Dr. Steve Weinberg
Tuesday, October 5, 2010
5:45 p.m. – Networking Reception
6:30 p.m. – Presentation
Dr. Steven Weinberg holds the Josey Regental Chair in Science at The University of Texas at Austin, where he is a member of the Physics and Astronomy Departments. His research on elementary particles and cosmology has been honored with numerous prizes and awards, including in 1979 the Nobel Prize in Physics and in 1991 the National Medal of Science. In 2004, he received the Benjamin Franklin Medal of the American Philosophical Society with a citation that said he is “considered by many to be the preeminent theoretical physicist alive in the world today.”
He has been elected to the U.S. National Academy of Sciences, Britain’s Royal Society, and the Royal Irish Academy, as well as to the American Philosophical Society and the American Academy of Arts and Sciences. He is the author of more than 300 articles and 12 books on elementary particle physics, cosmology, and other subjects. His prize-winning book, The First Three Minutes, is an introduction to cosmology for general readers, and has been translated into 22 foreign languages.
Dr. Weinberg’s articles for general readers appear from time to time in The New York Review, The Times Literary Supplement of London, and other periodicals, and have been reprinted in two collections, Facing Up (2001) and Lake Views (2010). He is currently a senior advisor to the JASON group of defense consultants and he has testified several times before committees of Congress on matters of science or security policy.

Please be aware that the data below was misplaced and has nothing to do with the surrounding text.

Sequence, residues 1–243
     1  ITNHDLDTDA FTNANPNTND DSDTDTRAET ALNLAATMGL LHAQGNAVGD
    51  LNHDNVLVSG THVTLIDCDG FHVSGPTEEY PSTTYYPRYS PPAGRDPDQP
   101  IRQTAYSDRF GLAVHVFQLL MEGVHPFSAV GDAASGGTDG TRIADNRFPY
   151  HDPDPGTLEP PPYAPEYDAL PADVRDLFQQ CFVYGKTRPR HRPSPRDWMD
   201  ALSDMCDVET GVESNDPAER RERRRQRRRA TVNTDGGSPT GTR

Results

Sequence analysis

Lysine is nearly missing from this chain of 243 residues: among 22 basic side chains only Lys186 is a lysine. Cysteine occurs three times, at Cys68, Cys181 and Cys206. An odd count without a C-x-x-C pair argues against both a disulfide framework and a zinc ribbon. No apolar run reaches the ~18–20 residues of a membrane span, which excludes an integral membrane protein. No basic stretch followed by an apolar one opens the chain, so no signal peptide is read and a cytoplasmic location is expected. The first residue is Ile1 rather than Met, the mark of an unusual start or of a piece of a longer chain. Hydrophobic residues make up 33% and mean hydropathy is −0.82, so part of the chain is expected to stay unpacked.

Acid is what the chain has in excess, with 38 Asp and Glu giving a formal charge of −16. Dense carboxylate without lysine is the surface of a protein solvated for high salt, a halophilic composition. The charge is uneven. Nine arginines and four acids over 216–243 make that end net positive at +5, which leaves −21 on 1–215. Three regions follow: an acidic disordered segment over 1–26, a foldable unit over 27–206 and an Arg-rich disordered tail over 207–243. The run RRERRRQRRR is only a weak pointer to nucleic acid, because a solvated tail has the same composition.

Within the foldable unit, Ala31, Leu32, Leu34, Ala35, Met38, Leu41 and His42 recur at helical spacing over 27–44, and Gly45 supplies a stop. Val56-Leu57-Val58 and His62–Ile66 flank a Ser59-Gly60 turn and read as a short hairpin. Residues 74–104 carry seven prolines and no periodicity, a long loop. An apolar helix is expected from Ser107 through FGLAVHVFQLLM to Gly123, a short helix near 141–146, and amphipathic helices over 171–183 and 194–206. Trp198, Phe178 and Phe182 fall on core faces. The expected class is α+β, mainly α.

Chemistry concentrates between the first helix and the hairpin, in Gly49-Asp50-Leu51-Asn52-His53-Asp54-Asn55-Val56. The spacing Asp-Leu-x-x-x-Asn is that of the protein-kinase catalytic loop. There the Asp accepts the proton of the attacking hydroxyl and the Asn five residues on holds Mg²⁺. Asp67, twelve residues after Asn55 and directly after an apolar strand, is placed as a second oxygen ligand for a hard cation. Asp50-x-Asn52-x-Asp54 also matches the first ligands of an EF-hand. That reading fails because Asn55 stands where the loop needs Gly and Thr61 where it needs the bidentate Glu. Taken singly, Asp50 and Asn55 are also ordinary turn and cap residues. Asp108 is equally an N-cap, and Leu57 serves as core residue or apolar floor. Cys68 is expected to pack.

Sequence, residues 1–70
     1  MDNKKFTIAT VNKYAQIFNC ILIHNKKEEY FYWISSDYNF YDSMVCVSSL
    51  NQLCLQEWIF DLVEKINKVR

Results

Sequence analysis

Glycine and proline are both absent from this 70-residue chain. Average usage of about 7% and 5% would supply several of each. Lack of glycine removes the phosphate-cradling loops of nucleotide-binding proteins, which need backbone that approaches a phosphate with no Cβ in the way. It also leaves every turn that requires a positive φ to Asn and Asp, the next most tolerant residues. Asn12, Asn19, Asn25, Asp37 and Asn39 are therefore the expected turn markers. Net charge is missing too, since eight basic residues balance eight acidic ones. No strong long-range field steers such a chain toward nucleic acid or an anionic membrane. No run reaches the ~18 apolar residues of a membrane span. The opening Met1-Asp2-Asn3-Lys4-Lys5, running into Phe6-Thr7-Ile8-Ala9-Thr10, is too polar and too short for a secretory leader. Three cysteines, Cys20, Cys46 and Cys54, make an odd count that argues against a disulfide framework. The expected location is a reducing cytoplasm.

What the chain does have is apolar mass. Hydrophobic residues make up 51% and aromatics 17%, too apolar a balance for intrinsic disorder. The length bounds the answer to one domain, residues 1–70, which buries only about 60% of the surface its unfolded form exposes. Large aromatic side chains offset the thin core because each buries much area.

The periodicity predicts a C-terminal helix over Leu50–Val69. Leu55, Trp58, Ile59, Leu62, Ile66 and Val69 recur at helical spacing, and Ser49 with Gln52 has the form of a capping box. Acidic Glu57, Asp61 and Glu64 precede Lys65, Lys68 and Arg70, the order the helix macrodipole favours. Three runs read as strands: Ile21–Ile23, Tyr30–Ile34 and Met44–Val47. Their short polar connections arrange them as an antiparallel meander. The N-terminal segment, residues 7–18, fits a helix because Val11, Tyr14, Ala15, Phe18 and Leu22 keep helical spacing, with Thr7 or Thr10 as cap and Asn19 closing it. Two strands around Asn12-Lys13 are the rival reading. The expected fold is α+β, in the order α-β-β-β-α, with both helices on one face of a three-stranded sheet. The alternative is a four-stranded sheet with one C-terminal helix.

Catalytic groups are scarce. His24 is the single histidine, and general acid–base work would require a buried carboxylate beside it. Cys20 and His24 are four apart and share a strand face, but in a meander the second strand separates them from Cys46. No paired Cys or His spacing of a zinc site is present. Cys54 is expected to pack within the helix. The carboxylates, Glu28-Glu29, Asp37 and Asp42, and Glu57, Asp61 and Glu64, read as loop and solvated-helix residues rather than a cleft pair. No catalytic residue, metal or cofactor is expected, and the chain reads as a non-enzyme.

In addition, he has served as consultant at the U.S. Arms Control and Disarmament Agency, President of the Philosophical Society of Texas, and member of the Board of Editors of Daedalus magazine, the Council of Scholars of the Library of Congress, and many other boards and committees.
He received his A. B. degree from Cornell, studied for a year at the Niels Bohr Institute in Copenhagen, and received his Ph.D. from Princeton; he also holds honorary doctoral degrees from 16 other universities, including Chicago, Columbia, McGill, Padua, Salamanca, and Yale. He taught at Columbia, Berkeley, M.I.T., and Harvard, where he was Higgins Professor of Physics, before coming to Texas in 1982.